Work Unplugged

I had no connection to the internet yesterday. A ghost in the machine of our router or some such gremlin. The technological details aren’t important. What is significant is how it shifted the activities of my day.

For instance, I could record my purchases and balance the bank accounts, but only up to a point – I couldn’t confirm anything on-line. I couldn’t pay any bills (rarely do I send a payment via a check in a stamped envelope anymore.)

I could write my blog entry, but not post it.

I could write up the meeting notes for a committee I volunteer with, but I couldn’t email those notes to the committee members.

I worked out. I did two loads of laundry. I cleaned smelly things out of the fridge.

And I got a lot of exercise going up an down the basement stairs to restart the routers over and over again in hope of being reconnected, all the while wondering what I was missing by not being able to check email. I mean, what if someone needed me? But the phone didn’t ring, so I was forced to conclude there probably weren’t any emergencies that needed handling…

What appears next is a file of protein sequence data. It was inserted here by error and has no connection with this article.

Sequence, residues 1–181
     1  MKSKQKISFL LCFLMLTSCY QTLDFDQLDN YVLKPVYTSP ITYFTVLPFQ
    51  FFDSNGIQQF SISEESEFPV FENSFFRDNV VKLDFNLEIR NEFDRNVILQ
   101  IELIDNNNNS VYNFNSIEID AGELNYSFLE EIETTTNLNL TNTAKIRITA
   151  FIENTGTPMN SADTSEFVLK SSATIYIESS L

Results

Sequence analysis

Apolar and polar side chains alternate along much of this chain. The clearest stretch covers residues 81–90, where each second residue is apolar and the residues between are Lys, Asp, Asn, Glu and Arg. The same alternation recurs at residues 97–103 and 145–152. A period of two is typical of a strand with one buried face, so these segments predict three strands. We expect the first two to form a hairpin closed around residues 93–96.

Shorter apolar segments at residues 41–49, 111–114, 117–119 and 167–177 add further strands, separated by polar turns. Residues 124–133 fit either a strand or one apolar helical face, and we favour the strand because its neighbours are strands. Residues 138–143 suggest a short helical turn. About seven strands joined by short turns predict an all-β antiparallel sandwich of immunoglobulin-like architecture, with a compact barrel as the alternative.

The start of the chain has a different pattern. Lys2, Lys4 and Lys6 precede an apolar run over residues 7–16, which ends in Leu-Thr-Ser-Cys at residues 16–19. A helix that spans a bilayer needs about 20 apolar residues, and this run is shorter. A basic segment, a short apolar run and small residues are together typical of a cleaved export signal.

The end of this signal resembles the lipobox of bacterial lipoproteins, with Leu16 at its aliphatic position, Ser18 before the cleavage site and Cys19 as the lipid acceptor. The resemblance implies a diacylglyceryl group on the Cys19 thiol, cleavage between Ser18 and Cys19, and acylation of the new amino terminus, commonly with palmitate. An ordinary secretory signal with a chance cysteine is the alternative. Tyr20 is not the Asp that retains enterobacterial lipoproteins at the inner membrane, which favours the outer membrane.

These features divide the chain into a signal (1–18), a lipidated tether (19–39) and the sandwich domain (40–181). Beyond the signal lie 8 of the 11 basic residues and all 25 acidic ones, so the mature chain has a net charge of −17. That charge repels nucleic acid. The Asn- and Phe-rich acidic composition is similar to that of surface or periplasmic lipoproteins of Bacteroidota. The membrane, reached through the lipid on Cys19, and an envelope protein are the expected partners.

It was a quiet day. It was a focused day. Sure, I might have been missing out on something important, but neither was I distracted. No newsletters, no blogs, no junk mail, no web surfing. Disconnected, I actually got a lot done.

And when my internet connection was restored around 8pm last night, I did finally check my email, curious and anxious to see what I might have missed. What I missed was over 150 junk messages, a few newsletters, and ONE non-urgent message from a client. It could have been different, but it wasn’t – and as much as my ego likes to feel needed, I suspect yesterday’s scenario would be repeated more often than not on the occasions I lose my internet connection in the future.

I was recently inspired to reset the preferences of my email program to stop automatically checking for new mail. In order to limit interruptions, I’ve been gradually weaning myself off this for some time – 30 seconds became one minute, then five minutes, then 30 minutes, then one hour. But now checking and replying to email is a specific task on my daily schedule (mid-morning and mid-afternoon, if you care to know), not an activity to be engaged in throughout the day – and so I check email manually only during those times I’ve set aside to do so. And yesterday’s experience just confirmed this is the right move.

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